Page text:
Drawings in If I Ran The Zoo, published in 1950, includes African characters resembling monkeys and an Arab chieftain on a camel with a caption suggesting he too should be in a zoo.
A so-called ‘Chinaman who eats with sticks’ in a 1937 work by Dr. Seuss
As well as children’s books, Dr. Seuss produced political cartoons and advertisements that contain controversial images.
A 1929 drawing showed black people for sale to whites and adapted a racially charged phrase to say: ‘Take home a high-grade [N-word] for your woodpile’.
During World War II, he drew cartoons of Japanese people, including one showing them queuing up for supplies of TNT and suggesting they were waiting for the ‘signal from home’.
The wartime cartoons, published in New York newspaper PM, are also credited with ‘railing against isolationism, racism and antisemitism’ as he urged people to help the effort.
This 1929 cartoon shows black people for sale and uses the N-word
A 2019 article called The Cat Is Out Of The Bag: Orientalism, Anti-Blackness, and White Supremacy in Dr. Seuss’s Children’s Books, said the author had published ‘hundreds’ of racist political cartoons, comics and advertisements.
A collection dedicated to Dr. Seuss’s art acknowledges that some of his early drawings ‘were hurtful then and are still hurtful today’.
However, it says that he later amended his works – for example changing ‘Chinaman’ to ‘Chinese man’ – and wrote about equality during the 1960s civil rights movements.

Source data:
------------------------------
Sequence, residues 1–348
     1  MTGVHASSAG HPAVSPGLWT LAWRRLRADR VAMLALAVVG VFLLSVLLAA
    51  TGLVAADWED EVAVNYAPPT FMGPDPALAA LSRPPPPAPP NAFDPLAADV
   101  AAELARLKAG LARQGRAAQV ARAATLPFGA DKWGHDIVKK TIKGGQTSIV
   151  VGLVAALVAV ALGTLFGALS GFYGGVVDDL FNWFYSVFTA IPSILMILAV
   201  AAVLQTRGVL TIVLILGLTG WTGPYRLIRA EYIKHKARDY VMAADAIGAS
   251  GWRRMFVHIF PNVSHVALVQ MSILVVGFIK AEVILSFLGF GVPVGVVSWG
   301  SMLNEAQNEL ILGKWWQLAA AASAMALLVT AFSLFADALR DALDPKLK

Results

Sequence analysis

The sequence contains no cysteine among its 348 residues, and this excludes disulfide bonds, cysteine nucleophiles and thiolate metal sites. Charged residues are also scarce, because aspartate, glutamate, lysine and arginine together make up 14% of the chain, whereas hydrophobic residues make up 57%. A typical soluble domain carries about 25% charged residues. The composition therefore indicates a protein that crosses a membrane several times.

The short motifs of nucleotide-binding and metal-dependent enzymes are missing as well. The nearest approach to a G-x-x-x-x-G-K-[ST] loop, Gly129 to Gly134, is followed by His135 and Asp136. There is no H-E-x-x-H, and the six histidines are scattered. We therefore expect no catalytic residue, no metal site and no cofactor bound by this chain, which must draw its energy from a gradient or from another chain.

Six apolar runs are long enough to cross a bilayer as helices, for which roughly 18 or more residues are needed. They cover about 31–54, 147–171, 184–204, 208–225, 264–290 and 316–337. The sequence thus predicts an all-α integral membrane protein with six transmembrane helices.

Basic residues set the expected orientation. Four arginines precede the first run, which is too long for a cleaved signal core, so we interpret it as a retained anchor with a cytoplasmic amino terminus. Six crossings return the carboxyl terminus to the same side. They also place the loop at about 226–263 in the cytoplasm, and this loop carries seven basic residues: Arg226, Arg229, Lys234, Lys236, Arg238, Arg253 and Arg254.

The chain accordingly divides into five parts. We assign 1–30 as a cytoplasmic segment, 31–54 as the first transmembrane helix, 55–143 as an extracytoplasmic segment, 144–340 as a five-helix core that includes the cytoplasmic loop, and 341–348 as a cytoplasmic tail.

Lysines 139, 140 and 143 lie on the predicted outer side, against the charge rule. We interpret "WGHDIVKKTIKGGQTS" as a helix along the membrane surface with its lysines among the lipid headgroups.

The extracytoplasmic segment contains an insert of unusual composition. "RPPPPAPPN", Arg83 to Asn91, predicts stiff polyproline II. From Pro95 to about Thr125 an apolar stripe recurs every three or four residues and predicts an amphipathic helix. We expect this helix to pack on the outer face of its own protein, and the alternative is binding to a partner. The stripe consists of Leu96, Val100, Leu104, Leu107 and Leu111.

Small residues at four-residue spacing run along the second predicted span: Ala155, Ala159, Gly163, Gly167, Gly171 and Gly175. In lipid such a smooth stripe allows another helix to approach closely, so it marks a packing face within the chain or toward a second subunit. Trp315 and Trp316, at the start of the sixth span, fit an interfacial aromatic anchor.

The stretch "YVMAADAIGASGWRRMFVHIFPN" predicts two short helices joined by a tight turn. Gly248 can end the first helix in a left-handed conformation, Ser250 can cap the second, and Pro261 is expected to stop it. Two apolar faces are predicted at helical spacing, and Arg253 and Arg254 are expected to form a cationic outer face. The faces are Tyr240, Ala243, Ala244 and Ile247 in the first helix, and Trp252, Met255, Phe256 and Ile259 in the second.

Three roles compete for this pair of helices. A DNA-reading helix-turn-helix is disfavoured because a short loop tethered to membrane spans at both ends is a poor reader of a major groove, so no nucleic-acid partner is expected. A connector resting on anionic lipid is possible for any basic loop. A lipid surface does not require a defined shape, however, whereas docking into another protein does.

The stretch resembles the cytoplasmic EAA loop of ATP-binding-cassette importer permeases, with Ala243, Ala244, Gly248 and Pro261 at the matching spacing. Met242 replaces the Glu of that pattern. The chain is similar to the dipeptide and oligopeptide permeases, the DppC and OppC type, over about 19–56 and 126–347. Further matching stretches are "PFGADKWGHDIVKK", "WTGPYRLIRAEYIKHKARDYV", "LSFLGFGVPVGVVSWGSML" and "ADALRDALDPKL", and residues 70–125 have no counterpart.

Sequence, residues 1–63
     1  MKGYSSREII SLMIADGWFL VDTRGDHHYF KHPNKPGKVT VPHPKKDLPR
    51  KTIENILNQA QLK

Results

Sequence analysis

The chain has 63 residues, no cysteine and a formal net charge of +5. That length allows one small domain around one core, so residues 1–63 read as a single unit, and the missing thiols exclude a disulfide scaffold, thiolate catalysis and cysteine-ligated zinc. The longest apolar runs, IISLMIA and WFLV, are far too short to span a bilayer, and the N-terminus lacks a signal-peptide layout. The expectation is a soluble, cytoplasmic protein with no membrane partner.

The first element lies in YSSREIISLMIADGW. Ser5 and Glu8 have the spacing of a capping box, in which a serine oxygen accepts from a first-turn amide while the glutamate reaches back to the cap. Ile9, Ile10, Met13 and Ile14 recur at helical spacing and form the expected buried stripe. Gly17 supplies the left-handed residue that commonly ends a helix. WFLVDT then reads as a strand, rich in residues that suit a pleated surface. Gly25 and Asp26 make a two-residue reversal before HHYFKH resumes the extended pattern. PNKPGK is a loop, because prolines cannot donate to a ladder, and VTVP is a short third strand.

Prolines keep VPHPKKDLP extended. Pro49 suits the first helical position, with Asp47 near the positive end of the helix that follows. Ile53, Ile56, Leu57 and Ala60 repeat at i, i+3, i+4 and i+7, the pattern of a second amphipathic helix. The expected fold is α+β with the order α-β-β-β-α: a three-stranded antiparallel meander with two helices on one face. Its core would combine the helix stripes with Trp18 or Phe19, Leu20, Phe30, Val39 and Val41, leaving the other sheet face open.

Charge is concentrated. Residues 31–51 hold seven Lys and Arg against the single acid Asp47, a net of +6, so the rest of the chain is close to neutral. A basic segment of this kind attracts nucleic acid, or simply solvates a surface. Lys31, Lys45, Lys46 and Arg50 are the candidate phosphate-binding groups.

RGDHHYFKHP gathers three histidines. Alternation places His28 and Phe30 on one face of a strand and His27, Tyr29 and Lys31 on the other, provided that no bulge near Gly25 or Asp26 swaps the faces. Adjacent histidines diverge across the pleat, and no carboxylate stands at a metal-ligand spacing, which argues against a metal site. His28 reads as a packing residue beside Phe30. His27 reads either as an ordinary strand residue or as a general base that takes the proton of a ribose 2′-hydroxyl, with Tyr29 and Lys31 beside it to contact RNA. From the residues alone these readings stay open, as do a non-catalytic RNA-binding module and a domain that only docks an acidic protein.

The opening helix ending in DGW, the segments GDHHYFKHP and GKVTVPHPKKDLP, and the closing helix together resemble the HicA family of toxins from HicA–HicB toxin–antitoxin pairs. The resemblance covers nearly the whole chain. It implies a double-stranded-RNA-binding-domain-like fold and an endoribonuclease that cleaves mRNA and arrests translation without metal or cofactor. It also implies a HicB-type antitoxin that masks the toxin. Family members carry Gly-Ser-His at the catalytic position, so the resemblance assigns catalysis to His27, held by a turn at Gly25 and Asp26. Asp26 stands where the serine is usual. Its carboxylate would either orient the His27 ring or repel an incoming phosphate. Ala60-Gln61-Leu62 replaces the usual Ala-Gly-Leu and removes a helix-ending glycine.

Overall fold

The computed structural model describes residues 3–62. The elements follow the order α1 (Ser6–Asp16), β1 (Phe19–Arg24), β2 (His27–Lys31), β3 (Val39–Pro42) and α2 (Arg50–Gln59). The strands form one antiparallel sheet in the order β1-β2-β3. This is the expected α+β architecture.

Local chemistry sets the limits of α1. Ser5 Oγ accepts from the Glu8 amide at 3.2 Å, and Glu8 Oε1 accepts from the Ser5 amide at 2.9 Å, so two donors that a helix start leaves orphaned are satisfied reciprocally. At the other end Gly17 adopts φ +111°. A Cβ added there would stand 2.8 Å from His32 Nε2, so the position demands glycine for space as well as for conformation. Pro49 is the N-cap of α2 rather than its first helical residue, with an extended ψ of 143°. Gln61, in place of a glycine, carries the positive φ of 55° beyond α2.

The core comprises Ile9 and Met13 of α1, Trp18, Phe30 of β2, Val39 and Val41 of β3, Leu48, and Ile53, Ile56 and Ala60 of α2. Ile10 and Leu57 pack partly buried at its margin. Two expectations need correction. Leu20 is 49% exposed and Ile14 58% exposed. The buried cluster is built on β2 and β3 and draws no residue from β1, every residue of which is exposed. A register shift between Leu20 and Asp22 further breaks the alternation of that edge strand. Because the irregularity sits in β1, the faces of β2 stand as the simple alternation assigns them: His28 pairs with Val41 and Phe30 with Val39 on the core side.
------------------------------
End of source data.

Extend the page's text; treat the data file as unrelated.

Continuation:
It also defends him by saying that his drawings reflected stereotypes which were widely held at the time.
Geisel himself is quoted as saying later in life that the cartoons were ‘just the way things were 50 years ago’.
The fresh scrutiny of his works has seen the Mulberry Street illustration removed from a Dr. Seuss museum in 2018 – a decision which his great-nephew said was ‘extreme’.
Last month a Virginia school district distanced itself from the author, saying his books would no longer be the ’emphasis’ of Read Across America Day.
‘Research in recent years has revealed strong racial undertones in many books written/illustrated by Dr. Seuss,’ it said.
He has now also gone missing from the White House celebrations after Joe Biden broke with a tradition continued by both Barack Obama and Donald Trump.
Source: Read Full Article